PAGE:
Before we describe and interpret this process, several general remarks are in order concerning rituals in the Torah and the trends they reflect.
The principal trend of ritual as described in the Torah is to create a setting worthy of the Divine Presence, a sanctified and pure place where the Lord will grace us by dwelling there. It is highly desirable for the Divine Presence to dwell amidst the children of Israel, since His presence brings blessing to all who dwell in the camp and protects them. Therefore, Moses entreats the Lord to go with the Israelites in the wilderness and to dwell in their midst: "For how shall it be known that Your people have gained Your favor unless You go with us...?" (Ex. 33:16).
Hence the Tabernacle which is invested with the glory of the Lord must be pure; the individuals officiating in the Tabernacle must be pure; the animals which are given as offerings must be pure. No unclean person, just as no unclean animal, may enter the Tabernacle. Also the camp surrounding the Tabernacle must maintain a certain degree of purity, and the Israelites dwelling the in the camp must maintain a degree of purity. Therefore any person severely affected by an unclean condition must be removed from the camp:
It should further be noted that impurity is not necessarily bad. Impurity prevents a person from coming into a sacred place, from entering the Tabernacle, but sometimes such a thing is desirable and good, even a positive precept. For example, when a family member of a priest dies, the priest must take care of the dead and become impure. A woman at childbirth -- precisely the case with which Parashat Tazria begins -- loses blood -- the liquid of life, from her womb -- the source of life, and therefore she becomes impure. She may not come in contact with sacred things for seven days, but on the eighth day from the birth of her son she may do so, since she and her son have passed the period of uncleanness. A third example is the person who prepares the ashes of the red heifer -- the substance needed to cleanse a person from impurity resulting from contact with a corpse -- who himself becomes unclean in the process.
In all of these cases -- the priest whose relative has died, the woman who has given birth, and the person who prepares the potion from the red heifer -- impurity results under good circumstances, that is, without there being the slightest hint of sin or evil. This however, is not true of the leper. The ritual procedures that he must undergo point to a process which includes atonement in addition to purification. Close analysis of the text describing the purification of the leper reveals the spiritual stages incorporated in the ritual.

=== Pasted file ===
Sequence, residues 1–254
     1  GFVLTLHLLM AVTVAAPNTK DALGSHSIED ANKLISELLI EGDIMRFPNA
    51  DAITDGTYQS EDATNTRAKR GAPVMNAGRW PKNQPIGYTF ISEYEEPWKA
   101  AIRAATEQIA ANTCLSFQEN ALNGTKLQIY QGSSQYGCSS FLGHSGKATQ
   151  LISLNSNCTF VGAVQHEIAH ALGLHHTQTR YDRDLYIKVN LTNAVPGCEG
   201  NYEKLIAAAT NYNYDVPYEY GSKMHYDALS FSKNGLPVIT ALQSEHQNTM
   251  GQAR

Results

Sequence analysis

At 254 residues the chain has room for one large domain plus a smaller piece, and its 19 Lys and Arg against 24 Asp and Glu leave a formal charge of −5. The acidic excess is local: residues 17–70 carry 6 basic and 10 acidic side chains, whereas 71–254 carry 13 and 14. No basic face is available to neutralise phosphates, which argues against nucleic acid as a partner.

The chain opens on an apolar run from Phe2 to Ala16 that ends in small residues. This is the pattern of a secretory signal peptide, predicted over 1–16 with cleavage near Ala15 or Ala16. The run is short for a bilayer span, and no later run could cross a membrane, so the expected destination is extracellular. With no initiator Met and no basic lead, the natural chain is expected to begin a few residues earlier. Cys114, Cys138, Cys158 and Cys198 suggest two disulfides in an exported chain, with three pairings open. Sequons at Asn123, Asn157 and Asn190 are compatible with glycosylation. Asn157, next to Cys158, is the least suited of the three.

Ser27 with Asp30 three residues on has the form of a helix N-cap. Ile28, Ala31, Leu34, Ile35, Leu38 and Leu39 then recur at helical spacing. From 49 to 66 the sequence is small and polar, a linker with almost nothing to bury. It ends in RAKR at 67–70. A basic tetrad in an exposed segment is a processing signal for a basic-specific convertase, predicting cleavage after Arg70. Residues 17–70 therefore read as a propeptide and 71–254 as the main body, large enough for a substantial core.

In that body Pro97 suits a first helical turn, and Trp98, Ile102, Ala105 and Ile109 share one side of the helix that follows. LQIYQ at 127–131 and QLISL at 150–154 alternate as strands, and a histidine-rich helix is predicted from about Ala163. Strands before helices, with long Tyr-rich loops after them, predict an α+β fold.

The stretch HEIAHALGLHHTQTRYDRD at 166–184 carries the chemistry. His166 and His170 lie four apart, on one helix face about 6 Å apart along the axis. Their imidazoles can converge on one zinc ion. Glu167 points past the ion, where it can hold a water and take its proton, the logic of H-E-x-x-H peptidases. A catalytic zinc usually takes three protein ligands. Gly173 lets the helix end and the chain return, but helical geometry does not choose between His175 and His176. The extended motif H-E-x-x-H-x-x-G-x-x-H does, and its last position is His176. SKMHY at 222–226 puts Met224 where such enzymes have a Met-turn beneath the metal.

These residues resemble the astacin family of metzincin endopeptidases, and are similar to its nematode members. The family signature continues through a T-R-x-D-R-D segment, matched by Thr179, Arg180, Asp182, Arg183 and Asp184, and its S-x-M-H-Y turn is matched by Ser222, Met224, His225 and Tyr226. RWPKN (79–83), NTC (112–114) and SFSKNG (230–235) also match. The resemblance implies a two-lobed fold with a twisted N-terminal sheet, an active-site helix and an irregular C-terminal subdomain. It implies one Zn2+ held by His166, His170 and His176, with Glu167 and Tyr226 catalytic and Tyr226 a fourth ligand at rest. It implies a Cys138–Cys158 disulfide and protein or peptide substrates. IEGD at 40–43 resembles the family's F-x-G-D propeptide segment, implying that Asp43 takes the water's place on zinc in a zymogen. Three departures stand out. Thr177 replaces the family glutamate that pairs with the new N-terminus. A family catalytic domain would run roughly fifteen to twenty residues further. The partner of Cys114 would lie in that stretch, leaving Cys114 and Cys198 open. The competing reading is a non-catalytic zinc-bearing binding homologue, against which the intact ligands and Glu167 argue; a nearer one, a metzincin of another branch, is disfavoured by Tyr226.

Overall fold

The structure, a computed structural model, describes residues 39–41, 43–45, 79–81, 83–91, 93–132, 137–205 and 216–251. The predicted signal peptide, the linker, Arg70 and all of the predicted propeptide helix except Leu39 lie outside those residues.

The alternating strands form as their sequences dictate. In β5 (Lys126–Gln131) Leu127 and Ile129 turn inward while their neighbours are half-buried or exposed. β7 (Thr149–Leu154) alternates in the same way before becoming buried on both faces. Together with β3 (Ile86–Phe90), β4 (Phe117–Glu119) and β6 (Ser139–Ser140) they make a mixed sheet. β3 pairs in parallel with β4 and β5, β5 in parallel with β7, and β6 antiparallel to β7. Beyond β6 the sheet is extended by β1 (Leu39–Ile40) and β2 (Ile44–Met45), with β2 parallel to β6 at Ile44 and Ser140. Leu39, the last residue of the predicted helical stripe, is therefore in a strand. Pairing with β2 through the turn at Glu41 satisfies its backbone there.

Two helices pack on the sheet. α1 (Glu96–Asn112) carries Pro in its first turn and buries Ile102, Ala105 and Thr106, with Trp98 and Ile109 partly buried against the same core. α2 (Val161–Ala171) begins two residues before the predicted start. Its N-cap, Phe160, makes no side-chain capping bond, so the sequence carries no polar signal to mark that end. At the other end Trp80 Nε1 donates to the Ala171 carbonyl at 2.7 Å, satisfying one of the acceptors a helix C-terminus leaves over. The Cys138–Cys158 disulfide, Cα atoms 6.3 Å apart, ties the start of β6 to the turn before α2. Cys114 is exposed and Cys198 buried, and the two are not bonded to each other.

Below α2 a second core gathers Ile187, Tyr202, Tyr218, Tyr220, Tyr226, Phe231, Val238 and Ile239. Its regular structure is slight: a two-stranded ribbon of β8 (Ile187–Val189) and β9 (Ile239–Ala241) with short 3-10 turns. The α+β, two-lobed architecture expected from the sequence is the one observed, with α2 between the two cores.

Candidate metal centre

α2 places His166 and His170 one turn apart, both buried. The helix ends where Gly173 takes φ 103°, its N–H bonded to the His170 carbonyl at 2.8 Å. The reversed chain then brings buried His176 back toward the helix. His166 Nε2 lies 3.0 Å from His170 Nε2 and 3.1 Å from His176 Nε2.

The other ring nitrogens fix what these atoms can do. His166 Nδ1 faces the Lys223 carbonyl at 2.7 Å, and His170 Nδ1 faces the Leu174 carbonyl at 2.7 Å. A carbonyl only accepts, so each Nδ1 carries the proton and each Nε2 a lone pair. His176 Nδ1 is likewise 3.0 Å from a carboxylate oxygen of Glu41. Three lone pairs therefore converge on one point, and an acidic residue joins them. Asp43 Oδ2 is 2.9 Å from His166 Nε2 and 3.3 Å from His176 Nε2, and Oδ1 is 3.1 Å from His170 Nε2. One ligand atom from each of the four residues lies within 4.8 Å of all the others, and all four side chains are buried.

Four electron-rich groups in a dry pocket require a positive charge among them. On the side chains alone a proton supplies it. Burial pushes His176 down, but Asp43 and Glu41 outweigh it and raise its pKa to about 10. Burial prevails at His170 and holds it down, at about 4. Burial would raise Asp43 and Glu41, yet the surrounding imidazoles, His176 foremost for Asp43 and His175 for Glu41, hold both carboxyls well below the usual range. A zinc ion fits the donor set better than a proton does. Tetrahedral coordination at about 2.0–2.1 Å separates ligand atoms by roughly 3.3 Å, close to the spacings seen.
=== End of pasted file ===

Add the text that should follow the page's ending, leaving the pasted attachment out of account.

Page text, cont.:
It is assumed in the Torah that an affliction such as leprosy would only come to a person as a punishment. Therefore the leper is required to bring an offering to atone for the sin that caused him to come down with leprosy. Before the leper can bring a guilt offering for his atonement, however, he must be cured and purified. An authorized priest slaughters a pure bird and pours its blood into a dish containing living water -- a purifying agent of the second degree. The priest augments the blood -- a purifying agent of the first degree -- by adding other substances: cedar wood, crimson, and hyssop. The second bird which he set aside he then dips into the augmented blood solution. He sprinkles this augmented blood on the leper and lets go the live bird, which flies off, carrying off the impurity, as it were. After the rite, the leper prepares to return to the world of the living. He bathes, shaves, washes his garments, and spends a week out of his house.
At this point the leper is in a condition of purification that enables him to bring an offering, by means of the priest, of course. First, the healed leper must bring an offering which, according to its description in Leviticus 5:17-19, is a guilt offering atoning for the misdeed on account of which he came down with leprosy. It does not suffice, however, for the unclean individual to become purified, for his impurity also attaches to the Tabernacle, and the entire public benefits from the Tabernacle being pure, as we explained above. Therefore, one must see to it that no impurity remain in the sacred precinct, lest an accumulation of impurity lead to general defilement of the sacred area. To this end, on the eighth day the former leper must bring an offering which, according to the description in Leviticus 5:1-6, is a sin offering. As has been shown especially by Prof. Jacob Milgrom, a sin offering (korban hatat) is an offering of purification, from the word le-hateh, to disinfect or cleanse, i.e., to remove the sin, thus purify. The sin offering does not cleanse the leper, who has already been purified, rather, it purifies the sanctuary. Bringing this offering is the responsibility of the leper on whose account the sanctuary became unclean. The series of actions performed is reminiscent of the purification rite on the Day of Atonement, when the High Priest atones "for himself and for his household" (Lev. 16:6), before he purges "the Shrine of the uncleanness and transgression of the Israelites" (v. 16). In this way the ritual serves to educate the individual with respect to his obligations towards the generality.